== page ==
So I particularly appreciated this description of a writer’s day from Steven Pressfield’s The War of Art: Break Through the Blocks and Win Your Inner Creative Battles (Black Irish Entertainment, 2012). It nicely captures the daily grind of academic research, the importance of getting up every morning and punching the clock even when you don’t feel like it, and that all-important sense of satisfaction that comes at the end of a long and only marginally productive day of hard work.

Whenever you’re working on a writing project of any kind, whether it’s a research paper or a book, come back to this and be reminded that (1) it’s a grind, (2) you’re not alone in the fear and frustration you feel, and (3) get up and till the field anyway, you’ll be glad when the harvest comes in.

I wake up with a gnawing sensation of dissatisfaction. Already I feel fear. Already the loved ones around me are starting to fade. I interact. I’m present. But I’m not.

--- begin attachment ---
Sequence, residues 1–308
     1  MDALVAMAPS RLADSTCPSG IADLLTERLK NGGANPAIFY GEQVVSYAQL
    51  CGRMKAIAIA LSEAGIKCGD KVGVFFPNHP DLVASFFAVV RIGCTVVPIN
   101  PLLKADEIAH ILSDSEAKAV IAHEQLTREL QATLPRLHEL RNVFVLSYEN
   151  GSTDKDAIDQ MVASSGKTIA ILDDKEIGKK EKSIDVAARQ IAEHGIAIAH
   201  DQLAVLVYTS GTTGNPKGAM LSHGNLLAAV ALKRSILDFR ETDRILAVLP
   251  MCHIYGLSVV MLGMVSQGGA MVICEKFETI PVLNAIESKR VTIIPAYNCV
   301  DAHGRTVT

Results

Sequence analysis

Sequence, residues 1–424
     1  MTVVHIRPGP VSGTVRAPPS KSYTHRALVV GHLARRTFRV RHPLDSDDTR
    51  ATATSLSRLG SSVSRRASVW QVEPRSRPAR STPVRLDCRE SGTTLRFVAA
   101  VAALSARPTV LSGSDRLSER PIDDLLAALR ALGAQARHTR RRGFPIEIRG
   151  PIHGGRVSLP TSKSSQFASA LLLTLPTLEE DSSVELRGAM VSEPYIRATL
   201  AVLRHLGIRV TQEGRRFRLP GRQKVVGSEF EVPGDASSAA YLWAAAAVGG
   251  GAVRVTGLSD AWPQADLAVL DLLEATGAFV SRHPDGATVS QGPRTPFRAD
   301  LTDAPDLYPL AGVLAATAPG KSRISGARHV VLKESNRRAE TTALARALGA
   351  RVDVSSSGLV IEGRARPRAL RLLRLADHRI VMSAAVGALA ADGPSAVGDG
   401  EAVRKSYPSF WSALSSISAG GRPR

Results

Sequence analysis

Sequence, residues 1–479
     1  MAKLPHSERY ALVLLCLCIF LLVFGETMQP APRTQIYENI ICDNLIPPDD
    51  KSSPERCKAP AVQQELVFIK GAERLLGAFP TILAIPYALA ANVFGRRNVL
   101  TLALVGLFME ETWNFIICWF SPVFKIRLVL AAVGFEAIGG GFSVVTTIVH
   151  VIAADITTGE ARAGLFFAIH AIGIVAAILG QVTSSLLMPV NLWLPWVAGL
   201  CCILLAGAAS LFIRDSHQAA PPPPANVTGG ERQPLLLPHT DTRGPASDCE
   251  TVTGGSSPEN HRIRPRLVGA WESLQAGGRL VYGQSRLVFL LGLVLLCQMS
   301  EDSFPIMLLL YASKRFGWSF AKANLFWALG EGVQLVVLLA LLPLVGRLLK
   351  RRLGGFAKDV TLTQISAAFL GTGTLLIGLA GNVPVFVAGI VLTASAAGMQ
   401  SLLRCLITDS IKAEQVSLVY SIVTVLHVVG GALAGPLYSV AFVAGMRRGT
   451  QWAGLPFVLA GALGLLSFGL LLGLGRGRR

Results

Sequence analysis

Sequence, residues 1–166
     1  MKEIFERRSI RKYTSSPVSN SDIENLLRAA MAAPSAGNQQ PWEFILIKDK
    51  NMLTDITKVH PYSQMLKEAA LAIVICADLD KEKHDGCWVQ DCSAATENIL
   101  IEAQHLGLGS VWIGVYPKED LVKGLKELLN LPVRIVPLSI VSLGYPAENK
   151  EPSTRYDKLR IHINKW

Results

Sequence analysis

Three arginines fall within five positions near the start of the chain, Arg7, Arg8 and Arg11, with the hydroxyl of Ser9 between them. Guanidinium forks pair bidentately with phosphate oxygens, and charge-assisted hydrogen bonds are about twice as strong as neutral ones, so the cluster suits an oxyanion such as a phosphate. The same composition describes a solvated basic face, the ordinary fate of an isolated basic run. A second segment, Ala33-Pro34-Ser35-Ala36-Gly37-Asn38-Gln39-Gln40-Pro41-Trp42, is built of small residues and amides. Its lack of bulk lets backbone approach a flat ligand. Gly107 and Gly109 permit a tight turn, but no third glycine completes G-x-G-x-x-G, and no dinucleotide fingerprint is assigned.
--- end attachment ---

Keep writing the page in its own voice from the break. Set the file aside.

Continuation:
I’m not thinking about the work. I’ve already consigned that to the Muse. What I am aware of is Resistance. I feel it in my guts. I afford it the utmost respect, because I know it can defeat me on any given day as easily as the need for a drink can overcome an alcoholic.

I go through the chores, the correspondence, the obligations of daily life. Again I’m there but not really. The clock is running in my head; I know I can indulge in daily crap for a little while, but I must cut it off when the bell rings.

I’m keenly aware of the Principle of Priority, which states (a) you must know the difference between what is urgent and what is important, and (b) you must do what’s important first.

What’s important is the work. That’s the game I have to suit up for. That’s the field on which I have to leave everything I’ve got.

Do I really believe that my work is crucial to the planet’s survival? Of course not. But it’s as important to me as catching that mouse is to the hawk circling outside my window. He’s hungry. He needs a kill. So do I.

The sun isn’t up yet; it’s cold; the fields are sopping. Brambles scratch my ankles, branches snap back in my face. The hill is a sonofabitch but what can you do? Set one foot in front of another and keep climbing.

An hour passes. I’m warmer now, the pace has got my blood going. the years have taught me one skill: how to be miserable. I know ho two shut up and keep humping. Thi sis a great asset because it’s human, the proper role for a mortal. It does not offend the gods, but elicits their intercession. My bitching self is receding now. The instincts are taking over. Another hour passes. I turn the cordner of a thicket and there he is: the nice fat hare I knew would show up if I just kept plugging.